The Queen

My 95 year old mother recently spent 21 days in rehab due to a fractured sacrum. The discharge doctor was quite pleasant but his heavy accent left us guessing throughout the conversation. It took several attempts for me to understand his parting comment, which I translated to Southernese. “He said you look like Queen Elizabeth.” 

“Yes I do!” Mama quickly affirmed with a smile. “She’s sort of average looking and so am I.”

Queen Elizabeth and Mama were born a few months apart and shared some similar features and styles. Mama’s silver hair is natural and I’m guessing the recently departed queen’s was also. Of both it could be said, “What you see is what you get.”

Other ladies from that generation also remind me of the beloved monarch. Their resemblance goes beyond physical attributes to common values. Queen Elizabeth was known for her strong Christian faith. The same is true of my mother and many of today’s senior ladies. An active and abiding faith is the norm. 

Resilience is another characteristic of women from that era. Growing up with oil lamps, fireplaces, open wells, and outhouses molded their perspectives. Plus the lingering effects of The Great Depression were not forgotten as World War II began.

An ongoing role of those ladies was being in charge of the kitchen. Much of what they served was homegrown. Daddy tended to our cows and hogs and sometimes helped feed the chickens. It was Mama, however, who caught the hens and fried them for dinner. 

I never saw either of my grandmothers wringing a chicken’s neck, but Mama Joiner reportedly had a quick wrist motion that only took a second. My mother, however, was not as efficient. After several revolutions of her arm she’d finally get up enough speed the chicken’s headless body would sail toward the clouds.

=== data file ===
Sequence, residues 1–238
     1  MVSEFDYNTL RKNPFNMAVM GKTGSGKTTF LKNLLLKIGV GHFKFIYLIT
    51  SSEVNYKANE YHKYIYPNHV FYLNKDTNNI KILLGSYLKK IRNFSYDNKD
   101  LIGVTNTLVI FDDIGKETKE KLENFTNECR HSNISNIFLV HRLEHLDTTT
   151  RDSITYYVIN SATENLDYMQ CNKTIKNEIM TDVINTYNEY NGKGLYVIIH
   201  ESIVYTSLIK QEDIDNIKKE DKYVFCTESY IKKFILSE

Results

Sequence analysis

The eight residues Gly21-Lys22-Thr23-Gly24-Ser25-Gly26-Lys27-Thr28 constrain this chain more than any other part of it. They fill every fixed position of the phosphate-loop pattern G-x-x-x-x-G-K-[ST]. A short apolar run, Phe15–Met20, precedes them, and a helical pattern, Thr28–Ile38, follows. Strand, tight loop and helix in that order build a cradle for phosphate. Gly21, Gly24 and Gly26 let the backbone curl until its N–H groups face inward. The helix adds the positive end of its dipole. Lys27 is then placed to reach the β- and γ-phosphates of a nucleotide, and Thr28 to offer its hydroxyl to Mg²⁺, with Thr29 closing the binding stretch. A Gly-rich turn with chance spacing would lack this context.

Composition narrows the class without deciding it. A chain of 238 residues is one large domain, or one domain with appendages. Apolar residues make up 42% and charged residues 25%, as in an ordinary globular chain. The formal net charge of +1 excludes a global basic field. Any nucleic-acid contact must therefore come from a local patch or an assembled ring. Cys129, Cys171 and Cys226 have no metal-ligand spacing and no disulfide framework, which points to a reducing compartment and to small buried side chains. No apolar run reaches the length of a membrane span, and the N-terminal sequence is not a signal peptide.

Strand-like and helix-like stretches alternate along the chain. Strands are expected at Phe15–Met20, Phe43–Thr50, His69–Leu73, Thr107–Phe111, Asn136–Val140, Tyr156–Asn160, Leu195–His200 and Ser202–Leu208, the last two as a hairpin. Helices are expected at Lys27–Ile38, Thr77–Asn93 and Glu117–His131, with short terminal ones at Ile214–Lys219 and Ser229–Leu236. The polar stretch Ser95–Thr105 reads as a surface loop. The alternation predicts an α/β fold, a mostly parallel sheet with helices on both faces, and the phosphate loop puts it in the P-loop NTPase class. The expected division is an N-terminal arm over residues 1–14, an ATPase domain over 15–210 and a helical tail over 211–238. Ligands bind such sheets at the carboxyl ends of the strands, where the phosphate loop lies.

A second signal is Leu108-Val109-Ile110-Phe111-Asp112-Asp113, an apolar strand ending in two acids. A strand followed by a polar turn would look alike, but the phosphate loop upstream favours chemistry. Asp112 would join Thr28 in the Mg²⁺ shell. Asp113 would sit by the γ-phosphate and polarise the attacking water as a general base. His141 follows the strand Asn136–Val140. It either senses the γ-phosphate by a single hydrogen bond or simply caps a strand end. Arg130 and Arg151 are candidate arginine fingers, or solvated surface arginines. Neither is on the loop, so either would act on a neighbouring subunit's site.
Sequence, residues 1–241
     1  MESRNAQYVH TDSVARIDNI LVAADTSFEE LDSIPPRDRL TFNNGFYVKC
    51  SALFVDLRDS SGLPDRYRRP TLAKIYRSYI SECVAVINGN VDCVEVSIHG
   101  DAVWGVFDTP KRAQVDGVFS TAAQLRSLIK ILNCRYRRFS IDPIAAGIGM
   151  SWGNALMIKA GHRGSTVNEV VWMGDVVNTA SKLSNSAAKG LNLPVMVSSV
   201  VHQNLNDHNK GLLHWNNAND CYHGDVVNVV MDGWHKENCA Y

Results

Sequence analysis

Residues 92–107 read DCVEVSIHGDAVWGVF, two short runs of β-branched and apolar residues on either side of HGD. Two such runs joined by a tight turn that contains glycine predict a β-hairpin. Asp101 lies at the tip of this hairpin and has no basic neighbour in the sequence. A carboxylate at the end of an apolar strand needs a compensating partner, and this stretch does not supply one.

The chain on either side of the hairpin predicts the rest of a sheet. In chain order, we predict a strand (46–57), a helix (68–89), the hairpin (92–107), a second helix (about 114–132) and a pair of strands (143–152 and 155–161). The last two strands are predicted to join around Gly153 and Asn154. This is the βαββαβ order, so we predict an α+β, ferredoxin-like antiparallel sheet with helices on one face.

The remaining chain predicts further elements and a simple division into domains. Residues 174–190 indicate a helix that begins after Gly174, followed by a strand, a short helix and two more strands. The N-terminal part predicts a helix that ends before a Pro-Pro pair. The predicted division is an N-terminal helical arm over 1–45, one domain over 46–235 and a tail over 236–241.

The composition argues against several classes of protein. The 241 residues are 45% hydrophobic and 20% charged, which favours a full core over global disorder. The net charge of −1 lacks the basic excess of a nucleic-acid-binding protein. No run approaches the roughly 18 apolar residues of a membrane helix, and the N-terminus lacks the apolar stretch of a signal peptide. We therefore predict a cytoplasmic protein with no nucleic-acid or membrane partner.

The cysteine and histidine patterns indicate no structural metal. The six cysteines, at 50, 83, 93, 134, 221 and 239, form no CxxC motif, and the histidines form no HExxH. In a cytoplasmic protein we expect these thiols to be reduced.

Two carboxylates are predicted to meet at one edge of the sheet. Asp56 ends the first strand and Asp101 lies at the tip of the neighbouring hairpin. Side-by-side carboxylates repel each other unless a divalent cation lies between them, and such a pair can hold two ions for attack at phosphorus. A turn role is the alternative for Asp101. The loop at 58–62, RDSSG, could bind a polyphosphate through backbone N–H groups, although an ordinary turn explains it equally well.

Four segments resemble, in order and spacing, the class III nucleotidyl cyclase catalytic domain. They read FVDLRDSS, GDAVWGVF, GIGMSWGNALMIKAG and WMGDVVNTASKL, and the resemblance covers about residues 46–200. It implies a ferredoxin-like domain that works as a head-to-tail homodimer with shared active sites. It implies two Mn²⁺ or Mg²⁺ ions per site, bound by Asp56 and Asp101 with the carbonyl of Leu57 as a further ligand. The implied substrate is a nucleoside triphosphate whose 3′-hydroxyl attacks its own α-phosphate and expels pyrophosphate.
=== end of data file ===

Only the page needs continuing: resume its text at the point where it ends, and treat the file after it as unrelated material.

A few flaps later the show was over. There was nothing left to do except pluck the feathers, clean, cut, cook, serve, then wash dishes. Looking back it’s quite remarkable that Mama never complained or even asked for the pulley bone.

During my lifetime we’ve witnessed two major transitions involving meal preparation. The chicken-catching phase gave way to grocery store convenience. Then came the option of choosing a drive-through and selecting the sides.

Vegetables were also the domain of women. Mama and Daddy shared the same philosophy when it came to the garden – “We might not make any next year.” That’s why our freezers were packed so full during summer the lids would hardly close. 

A lack of enthusiasm was evident in my approach to gardening. Knowing we had at least a two year supply on hand, I’d sometimes think it might not be so bad if the harvest fell short. With that attitude it’s not surprising I wasn’t very good help.

Peas were easy to pick but butterbeans were aggravating. Low to the ground, they were tedious to gather at the perfect stage which Mama considered essential. She wanted them just right, not too young and not too old. With my careless efforts I’d sometimes get dismissed early. “I’ll finish picking these,” she’d mercifully say. “Why don’t you go help your daddy.” 

“Are you sure?” I’d mumble as I hastily fled beyond hearing range.